Poland Census

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Censuses (counts and descriptions of populations) have been taken by the various governments of Poland, primarily for population studies, taxation, or military purposes.

The prime value of census records is for grouping families together. Poland has better sources for research, such as church records and civil registration.

The different types of population counts in Polish history have been lustrums (lustracje), household tax registers (rejestry podatkowe: 1675), Prussian population surveys (przeglądy: 1789, 1793, 1797), and municipal revisions (spisy ludności: 1619, 1765, 1792). The Russian area of Poland, called Kingdom of Poland, had a government statistical institution called the Statistical Department with the General Administration Department (Oddział Statystyczny przy Wydziale Administracji Ogólnej), which was founded in 1847 to oversee the collection of statistical reports.

Earliest censuses were taken in 1567, 1676, 1775 (parish census). Contents vary according to the censuses and their purposes. For example, the census of 1793 for the region of South Prussia (area taken by Prussia in the 1793 partition) includes names of adult males and widows, number of people in each household, professions of the householders, but no ages.

In 1772-1773, Prussia conducted a land tax census of all the Polish lands that they acquired in the partition of Poland known as West Prussia.  This land tax census, Marburger Auszüge, was for the purpose of finding out the heads of household and a count of family members and taxing the new households. The paper census was held in the Herder Institut, Marburg, Germany. Microfilm copies are held in Scientific Institute, Turin, Poland.  The Odessa, Texas Library has acquired a micorfilm copy from Marburg, Germany. Odessa Library  created a a digital index of the Polish heads of household ennumerated  in the West Prussia land tax census. Anyone can access this index from the Odessa Library collections at :  http://www.odessa3.org/collections/land/wprussia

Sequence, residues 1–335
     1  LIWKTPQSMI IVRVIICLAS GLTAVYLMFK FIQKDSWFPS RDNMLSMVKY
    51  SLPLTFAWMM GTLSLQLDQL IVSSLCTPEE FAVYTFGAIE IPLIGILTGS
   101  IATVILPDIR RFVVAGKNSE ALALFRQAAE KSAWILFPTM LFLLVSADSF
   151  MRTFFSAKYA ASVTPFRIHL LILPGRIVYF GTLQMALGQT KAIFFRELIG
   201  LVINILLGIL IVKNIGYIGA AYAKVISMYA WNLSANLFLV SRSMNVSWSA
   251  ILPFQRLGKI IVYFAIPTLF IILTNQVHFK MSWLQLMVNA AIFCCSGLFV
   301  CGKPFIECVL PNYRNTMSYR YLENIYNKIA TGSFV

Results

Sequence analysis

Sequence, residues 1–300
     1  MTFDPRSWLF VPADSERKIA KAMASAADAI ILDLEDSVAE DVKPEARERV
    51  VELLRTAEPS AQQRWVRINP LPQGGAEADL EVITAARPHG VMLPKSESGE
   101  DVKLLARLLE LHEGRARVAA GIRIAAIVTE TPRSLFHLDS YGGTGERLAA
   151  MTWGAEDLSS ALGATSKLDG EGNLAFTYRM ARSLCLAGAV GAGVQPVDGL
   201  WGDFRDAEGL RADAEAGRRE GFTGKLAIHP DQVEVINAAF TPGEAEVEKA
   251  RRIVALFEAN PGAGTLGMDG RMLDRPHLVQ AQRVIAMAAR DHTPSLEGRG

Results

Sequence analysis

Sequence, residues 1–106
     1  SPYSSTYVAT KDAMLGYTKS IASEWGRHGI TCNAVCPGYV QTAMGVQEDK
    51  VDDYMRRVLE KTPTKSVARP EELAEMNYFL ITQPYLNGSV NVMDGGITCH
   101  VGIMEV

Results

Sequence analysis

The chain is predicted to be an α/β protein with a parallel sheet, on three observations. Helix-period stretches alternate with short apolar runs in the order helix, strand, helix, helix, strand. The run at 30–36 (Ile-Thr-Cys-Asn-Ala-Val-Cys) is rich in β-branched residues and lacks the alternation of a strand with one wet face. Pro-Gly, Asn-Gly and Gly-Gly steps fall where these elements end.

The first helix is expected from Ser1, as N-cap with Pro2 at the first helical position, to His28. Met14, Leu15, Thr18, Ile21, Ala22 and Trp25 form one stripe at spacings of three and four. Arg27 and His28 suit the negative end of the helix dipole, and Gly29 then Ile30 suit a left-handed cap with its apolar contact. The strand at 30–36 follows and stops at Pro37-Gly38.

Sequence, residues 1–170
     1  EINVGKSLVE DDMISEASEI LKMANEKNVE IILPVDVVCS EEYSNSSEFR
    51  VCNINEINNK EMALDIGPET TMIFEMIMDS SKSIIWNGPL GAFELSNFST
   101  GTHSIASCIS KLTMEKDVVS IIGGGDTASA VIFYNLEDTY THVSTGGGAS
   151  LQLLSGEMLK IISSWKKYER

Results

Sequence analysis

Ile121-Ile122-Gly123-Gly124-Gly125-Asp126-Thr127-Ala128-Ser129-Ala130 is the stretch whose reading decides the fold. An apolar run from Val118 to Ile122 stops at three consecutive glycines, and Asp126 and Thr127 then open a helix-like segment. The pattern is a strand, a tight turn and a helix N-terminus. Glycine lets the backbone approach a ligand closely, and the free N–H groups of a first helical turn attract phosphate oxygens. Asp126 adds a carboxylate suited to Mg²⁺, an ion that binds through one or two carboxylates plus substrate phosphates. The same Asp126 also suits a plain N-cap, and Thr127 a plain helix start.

The census of 1790–92 for areas of Poznan (Posen) and Kraków includes school-age children as well as adults and has dates of birth, marriage, and death.

Later census records are more standard and include names of heads of families and their children in chronological order, sex, ages or dates and places of birth, civil status, occupations, duration of residency, and so on.

Many original census returns were destroyed, and only compiled information remains. Some census records still exist in archives but are usually not available to researchers. Some censuses are in the Main Archives of Ancient Documents (Archiwum Główne Akt Dawnych - AGAD) in Warsaw; various district and municipal archives, such as Płock and Kraków; or even local parishes. It is uncertain where most Polish census records are kept, so you may have to contact various archives in the vicinity of the town where your ancestor lived.

The Family History Library has copies of census records for very few towns in Poland. These are listed in the FamilySearch Catalog under:

POLAND, (PROVINCE), (TOWN) CENSUS

Census records can provide information when other records are missing. Use the information with caution, however, since it may have been given to a census taker by any member of the family or a neighbor and could be incorrect.

Finding your ancestor in the census records of a large city, and learning the street where the family lived, will help you search records such as church records and civil registration. Sources that give street addresses for large cities in Poland include:

  • City, occupational, or business directories.
  • Civil certificates of birth, marriages, and deaths.
  • Church records of christenings, burials, and marriages.
  • Taxation records.

Census Records [Spisy Ludnoci]

Research Use: These records link families together and greatly supplement the research process. Helpful for establishing family relationships and linkage of generations.